Although the winters in the section of the country where I live are mild enough that I usually have been comfortable driving the M37 without heat, there are those days when I've thought that it would be a great addition to the truck.
The heater that the military installed on the truck for heating the passenger compartment came in two basic versions, a gas fired unit (that burned fuel supplied from the vehicle's main tank) or a hot water unit (used coolant flow from the engine). Both designs placed the heater core and fan on the left front fender and ducted the heat into the passenger compartment through a hole in the cowl (knockout is located in front of the driver's door roughly in line with the top edge of the door). These units are getting scarce (and thus pricey) and tend to clutter up the clean lines of the fender (and obstruct access to the engine and with the Cummins in my truck, most of the service points are on the left side...).
One solution to putting heat in a M37 that has been used by a lot of fellow enthusiasts is to install the hot water heater originally designed for the M151 series of jeeps inside the passenger compartment of the truck. These heaters are relatively compact, and since the military surplussed a lot of the units when the trucks were taken out of service (but not surplussed as complete vehicles), they are relatively inexpensive. A bare heater unit (fan unit with heater core) or complete heater kit (fan unit with heater core, ducting, hoses, switches, and hardware) can be obtained from a variety of surplus dealers who carry jeep parts.
After looking at the installations performed by several other M37 owners, and obtaining installation instructions from two of them, I decided to order a M151 Heater Kit from Sam Winer in Ohio.
Once I received the kit, I took it out of its boxes and looked at everything, but other than that I just let it sit for a while.
After driving to the beach for New Years' 2002, I decided that having heat in the truck would be a really good idea (temps ranging from 25-40F for the three hour trip down, slightly higher for the trip back the following week. The holes in the firewall and floor pan cut during the engine conversion but not yet covered yet did allow some heat to come into the cab, but not enough to be real comfortable.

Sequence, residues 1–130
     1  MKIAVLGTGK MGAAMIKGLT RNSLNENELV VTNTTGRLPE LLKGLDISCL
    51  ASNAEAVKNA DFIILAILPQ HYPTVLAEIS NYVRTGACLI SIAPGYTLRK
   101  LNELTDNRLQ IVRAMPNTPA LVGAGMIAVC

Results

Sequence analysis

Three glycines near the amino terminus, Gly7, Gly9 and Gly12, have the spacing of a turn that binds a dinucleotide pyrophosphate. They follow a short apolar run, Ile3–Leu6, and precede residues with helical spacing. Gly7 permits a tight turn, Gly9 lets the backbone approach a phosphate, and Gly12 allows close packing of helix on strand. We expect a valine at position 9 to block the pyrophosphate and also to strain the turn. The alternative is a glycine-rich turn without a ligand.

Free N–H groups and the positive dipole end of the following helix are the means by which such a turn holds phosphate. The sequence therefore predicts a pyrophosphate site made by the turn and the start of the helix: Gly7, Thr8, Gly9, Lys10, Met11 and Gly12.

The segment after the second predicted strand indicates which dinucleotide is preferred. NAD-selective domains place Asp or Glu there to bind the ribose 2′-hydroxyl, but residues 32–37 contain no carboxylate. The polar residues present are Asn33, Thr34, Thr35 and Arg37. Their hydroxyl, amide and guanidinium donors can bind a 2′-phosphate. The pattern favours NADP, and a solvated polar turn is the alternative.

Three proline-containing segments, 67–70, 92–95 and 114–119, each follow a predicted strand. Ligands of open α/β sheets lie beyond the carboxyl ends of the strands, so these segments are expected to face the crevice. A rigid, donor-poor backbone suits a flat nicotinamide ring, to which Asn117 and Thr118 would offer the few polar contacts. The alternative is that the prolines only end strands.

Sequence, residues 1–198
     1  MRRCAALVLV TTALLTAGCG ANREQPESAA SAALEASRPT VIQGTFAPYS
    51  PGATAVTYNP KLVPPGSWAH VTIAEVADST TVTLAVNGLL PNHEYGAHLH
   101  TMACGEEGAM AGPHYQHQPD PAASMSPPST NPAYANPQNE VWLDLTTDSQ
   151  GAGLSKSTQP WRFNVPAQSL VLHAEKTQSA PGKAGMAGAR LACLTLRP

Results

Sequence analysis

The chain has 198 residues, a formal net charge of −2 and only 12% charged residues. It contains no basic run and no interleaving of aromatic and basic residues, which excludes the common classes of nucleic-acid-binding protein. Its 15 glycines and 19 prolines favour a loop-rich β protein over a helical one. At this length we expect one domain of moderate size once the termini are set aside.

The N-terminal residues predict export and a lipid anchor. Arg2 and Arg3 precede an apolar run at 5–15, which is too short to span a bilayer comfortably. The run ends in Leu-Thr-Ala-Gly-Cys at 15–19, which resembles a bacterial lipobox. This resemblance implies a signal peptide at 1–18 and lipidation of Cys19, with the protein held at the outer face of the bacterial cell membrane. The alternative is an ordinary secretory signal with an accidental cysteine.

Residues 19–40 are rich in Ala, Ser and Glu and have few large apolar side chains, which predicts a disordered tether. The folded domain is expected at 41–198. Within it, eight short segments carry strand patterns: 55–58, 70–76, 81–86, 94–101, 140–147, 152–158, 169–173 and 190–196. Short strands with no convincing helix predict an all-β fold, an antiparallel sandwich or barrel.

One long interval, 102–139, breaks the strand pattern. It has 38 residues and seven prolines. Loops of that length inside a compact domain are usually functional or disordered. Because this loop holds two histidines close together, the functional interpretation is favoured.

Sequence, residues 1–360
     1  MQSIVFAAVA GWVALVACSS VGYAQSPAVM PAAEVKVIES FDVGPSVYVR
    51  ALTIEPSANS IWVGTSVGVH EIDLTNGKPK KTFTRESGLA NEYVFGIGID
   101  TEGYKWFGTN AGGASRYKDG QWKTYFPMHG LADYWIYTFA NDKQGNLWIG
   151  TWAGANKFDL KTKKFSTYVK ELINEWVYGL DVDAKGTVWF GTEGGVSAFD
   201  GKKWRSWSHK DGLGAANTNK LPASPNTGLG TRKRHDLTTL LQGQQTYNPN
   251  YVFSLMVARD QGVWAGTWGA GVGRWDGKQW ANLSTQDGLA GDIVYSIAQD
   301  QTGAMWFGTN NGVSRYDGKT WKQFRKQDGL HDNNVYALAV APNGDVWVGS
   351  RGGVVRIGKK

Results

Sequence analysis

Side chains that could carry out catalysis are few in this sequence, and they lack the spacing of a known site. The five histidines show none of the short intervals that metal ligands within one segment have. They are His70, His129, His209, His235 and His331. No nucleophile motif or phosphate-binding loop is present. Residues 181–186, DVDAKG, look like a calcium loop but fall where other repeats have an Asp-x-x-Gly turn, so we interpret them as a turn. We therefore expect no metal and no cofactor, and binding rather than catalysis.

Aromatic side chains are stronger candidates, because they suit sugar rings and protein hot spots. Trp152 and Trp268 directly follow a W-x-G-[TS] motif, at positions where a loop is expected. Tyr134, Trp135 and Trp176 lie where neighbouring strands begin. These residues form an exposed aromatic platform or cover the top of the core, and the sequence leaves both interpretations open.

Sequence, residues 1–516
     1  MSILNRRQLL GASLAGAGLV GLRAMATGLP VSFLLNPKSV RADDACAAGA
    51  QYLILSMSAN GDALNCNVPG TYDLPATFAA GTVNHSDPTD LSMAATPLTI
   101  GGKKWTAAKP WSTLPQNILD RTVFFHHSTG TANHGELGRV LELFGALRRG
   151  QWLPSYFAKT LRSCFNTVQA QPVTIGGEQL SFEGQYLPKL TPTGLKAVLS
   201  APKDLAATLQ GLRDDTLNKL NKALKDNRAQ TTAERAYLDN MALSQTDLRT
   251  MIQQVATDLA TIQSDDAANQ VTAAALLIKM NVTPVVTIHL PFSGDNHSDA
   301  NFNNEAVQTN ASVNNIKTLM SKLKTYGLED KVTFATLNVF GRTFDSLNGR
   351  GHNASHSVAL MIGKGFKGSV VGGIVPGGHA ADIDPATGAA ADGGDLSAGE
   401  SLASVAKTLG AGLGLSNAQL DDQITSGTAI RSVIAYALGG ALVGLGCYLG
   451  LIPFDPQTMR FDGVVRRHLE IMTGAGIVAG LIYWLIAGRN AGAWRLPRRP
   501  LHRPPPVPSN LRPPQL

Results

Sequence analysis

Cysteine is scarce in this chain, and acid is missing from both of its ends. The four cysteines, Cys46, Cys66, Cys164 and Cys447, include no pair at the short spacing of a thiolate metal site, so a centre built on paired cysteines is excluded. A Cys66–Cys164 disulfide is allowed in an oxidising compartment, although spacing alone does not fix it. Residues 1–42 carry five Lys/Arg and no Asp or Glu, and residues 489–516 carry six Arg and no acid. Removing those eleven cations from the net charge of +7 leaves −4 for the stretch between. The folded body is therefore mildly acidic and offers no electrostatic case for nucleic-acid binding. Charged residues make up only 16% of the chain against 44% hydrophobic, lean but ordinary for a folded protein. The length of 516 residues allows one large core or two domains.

I strayed from both sets of instructions that I had received in that one set was for tucking the heater under the glovebox without any provisions for ducting of hot air, the other set was for fitting the jeep defroster setup into the truck along with the heater under the glovebox. I decided to mount the heater under the glovebox with the diffuser box mounted to the fan output. My thoughts are that I could install defrost and air distribution at a later date when I had decided exactly how I wanted to tackle that part of the installation.
After attaching the air distribution box to the fan, I played around with placement location for the unit and marked locations for holes that needed to be drilled. I attached the heater to the kick panel on the side of the right passenger footwell using four angle brackets that had been bolted together to form a pair of U-brackets and a piece of steel strap. One screw holding the brackets to the truck is shared with the fire extinguisher bracket. These brackets are attached to the lugs located on either side of the heat exchanger inlet and use a piece of steel strap to bridge across the opening since the alignment of the brackets did not match the lugs. A washered bolt runs down from the glovebox to the lug on top of the heater box between the heat exchanger and the fan.